Chiguata is a district located in the Arequipa province, 30 km away from the city of Arequipa, Peru, on the slopes of the volcano Pikchu Pikchu (where at its summit pre-Inca worshipped remains and artifacts have been found). The name chiguata comes from the Quechua words "chiri" meaning "cold" and "wata" meaning "year" (cold all year). Ancient Chiguata was inhabited by the local natives until the arrival of Spanish influence in charge of the emissary Diego Hernández de Córdova in 1540. Soon after, the construction of a small plaza was initiated, and according to the Dominican religious order and local sources, the plaza's Templo del Espíritu Santo ("Sacred Spirit temple") along with its domes and lateral cover was not begun until 1739. The design of the temple is quite interesting, with two angels in feathered nightwear and their arms lifted vertically, separated by twelve fringes of rectangular flowers which add to the whole decoration of the temple. Cherubs also decorate the circular cornice, along with four saints in full-length reliefs that occupy the "pechinas" of the columns that sustain the temple's dome, which is considered one of the most original works of the colony and now visited by occasional tourists.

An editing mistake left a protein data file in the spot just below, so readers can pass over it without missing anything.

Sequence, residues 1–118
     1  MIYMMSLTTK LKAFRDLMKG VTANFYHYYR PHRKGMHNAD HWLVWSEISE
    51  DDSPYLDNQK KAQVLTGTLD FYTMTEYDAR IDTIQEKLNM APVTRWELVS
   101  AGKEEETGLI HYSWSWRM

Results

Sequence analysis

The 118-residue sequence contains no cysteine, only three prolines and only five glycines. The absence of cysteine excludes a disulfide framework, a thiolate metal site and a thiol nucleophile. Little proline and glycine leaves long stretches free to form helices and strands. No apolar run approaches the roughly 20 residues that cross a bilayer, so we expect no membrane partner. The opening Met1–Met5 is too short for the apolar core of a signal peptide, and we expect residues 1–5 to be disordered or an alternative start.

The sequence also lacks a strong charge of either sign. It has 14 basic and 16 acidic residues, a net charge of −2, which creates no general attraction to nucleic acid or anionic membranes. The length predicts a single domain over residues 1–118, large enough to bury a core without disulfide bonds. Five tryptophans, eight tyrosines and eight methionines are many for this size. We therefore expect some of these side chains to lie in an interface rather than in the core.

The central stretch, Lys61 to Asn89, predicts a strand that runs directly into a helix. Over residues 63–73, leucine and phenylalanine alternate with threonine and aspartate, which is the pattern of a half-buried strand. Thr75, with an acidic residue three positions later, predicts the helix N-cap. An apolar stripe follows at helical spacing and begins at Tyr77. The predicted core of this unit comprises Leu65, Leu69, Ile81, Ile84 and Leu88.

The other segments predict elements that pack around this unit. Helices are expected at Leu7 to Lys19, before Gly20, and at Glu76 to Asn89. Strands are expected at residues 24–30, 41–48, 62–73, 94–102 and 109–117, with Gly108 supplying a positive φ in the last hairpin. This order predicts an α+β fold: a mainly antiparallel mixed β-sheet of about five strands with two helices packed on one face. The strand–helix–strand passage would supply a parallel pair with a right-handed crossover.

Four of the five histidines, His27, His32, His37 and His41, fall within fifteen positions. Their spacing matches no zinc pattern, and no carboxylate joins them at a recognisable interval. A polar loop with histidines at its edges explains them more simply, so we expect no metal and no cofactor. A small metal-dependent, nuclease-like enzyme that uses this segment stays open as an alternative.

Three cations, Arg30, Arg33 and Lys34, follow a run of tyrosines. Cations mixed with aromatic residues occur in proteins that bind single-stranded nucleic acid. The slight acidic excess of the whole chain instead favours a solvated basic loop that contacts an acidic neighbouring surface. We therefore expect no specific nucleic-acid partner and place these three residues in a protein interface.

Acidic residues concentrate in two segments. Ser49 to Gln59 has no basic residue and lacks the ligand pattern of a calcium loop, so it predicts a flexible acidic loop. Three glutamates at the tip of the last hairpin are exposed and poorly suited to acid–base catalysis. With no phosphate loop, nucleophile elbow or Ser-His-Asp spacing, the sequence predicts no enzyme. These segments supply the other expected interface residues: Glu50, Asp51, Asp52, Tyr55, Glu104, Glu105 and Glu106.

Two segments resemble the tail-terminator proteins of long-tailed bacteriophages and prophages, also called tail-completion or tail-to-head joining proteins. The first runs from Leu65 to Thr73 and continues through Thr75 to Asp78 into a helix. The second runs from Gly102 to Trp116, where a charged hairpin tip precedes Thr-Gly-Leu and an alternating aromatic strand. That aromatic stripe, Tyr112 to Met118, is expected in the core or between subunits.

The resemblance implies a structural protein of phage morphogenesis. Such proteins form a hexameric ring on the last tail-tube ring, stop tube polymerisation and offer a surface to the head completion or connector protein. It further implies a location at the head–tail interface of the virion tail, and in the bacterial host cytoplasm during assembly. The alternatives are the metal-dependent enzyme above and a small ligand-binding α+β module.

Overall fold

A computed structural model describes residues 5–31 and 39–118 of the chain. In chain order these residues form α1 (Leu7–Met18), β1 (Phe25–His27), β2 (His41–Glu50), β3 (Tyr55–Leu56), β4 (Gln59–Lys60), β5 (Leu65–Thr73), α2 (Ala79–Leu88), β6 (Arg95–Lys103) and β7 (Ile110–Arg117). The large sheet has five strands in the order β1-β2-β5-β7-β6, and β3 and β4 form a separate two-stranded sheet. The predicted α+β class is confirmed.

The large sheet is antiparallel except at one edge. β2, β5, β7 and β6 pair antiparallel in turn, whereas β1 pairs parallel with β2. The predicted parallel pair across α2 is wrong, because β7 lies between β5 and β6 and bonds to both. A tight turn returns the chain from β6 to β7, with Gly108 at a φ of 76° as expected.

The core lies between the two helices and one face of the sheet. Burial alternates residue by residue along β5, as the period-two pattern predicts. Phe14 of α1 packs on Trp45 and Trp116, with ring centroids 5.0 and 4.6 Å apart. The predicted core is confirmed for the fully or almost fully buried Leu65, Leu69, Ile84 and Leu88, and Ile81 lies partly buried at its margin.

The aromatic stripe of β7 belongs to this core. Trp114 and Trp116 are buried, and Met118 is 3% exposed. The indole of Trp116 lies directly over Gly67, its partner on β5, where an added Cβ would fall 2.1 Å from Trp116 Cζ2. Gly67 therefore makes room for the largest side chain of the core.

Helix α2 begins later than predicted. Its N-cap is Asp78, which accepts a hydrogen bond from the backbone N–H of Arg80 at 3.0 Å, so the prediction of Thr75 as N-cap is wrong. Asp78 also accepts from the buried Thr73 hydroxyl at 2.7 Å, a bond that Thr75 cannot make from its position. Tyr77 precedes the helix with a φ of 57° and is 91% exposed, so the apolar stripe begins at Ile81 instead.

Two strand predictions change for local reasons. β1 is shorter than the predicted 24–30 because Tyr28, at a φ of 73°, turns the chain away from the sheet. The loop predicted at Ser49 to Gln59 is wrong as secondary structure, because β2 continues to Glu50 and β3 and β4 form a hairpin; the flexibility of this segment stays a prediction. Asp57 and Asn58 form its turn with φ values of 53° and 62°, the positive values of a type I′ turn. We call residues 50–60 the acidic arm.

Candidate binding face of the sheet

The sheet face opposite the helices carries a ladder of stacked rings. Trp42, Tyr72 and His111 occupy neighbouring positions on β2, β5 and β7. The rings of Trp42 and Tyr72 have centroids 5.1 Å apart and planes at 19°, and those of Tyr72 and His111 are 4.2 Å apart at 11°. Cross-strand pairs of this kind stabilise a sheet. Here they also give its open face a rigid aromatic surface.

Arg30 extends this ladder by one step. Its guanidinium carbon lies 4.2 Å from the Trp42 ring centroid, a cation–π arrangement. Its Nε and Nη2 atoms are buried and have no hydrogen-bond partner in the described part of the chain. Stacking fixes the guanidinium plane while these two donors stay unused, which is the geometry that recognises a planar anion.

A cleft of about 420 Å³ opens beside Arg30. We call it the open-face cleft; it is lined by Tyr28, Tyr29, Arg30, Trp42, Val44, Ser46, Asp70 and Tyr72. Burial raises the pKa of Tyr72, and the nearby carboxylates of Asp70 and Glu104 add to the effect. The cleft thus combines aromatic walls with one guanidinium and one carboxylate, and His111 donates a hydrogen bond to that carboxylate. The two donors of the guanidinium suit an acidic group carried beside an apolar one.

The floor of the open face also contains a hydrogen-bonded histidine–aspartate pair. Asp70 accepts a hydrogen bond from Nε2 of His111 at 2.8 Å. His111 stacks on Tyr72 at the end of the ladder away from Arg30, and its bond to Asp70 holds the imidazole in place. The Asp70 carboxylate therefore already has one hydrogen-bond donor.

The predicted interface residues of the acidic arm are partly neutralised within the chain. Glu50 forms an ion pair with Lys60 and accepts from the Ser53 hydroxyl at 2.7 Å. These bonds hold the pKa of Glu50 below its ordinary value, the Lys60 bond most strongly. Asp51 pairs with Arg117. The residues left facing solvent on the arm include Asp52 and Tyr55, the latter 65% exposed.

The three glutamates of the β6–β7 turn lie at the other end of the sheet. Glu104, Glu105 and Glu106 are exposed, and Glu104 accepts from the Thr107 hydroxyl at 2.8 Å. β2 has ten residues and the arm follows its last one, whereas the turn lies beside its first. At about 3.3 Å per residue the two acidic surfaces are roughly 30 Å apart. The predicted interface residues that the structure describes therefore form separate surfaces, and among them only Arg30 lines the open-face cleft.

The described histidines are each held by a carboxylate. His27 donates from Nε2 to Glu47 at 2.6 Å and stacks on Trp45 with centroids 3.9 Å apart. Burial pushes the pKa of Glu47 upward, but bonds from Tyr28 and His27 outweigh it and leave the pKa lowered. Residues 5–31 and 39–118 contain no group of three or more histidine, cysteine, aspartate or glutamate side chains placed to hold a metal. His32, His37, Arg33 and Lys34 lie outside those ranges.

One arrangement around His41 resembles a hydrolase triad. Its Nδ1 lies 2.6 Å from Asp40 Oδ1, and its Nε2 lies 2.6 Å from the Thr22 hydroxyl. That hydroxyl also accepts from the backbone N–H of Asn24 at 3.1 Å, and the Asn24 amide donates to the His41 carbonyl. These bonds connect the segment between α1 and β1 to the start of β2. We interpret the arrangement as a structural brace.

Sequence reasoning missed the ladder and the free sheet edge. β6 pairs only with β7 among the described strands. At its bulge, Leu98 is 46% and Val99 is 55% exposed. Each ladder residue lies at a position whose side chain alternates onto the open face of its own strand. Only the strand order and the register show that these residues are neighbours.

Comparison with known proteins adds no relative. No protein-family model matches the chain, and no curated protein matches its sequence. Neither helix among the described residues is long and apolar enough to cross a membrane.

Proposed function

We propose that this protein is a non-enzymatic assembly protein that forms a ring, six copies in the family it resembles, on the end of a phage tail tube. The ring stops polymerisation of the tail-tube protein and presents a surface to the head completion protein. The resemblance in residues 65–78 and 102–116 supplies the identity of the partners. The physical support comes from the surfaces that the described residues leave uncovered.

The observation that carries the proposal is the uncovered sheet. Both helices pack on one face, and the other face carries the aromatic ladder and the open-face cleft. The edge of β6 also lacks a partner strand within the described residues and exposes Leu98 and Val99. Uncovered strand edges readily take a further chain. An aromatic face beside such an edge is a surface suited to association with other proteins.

What remains of the population of Chiguata and the villages around is a small group of natives, as the mestizo people born in the previous generations have moved away, principally to the city of Arequipa, returning occasionally for camping activities or to visit the old plaza and temple during times of festivity. Chiguata celebrated its 465th anniversary on Jan. 23, 2005.
- Chiguata's description (Spanish)
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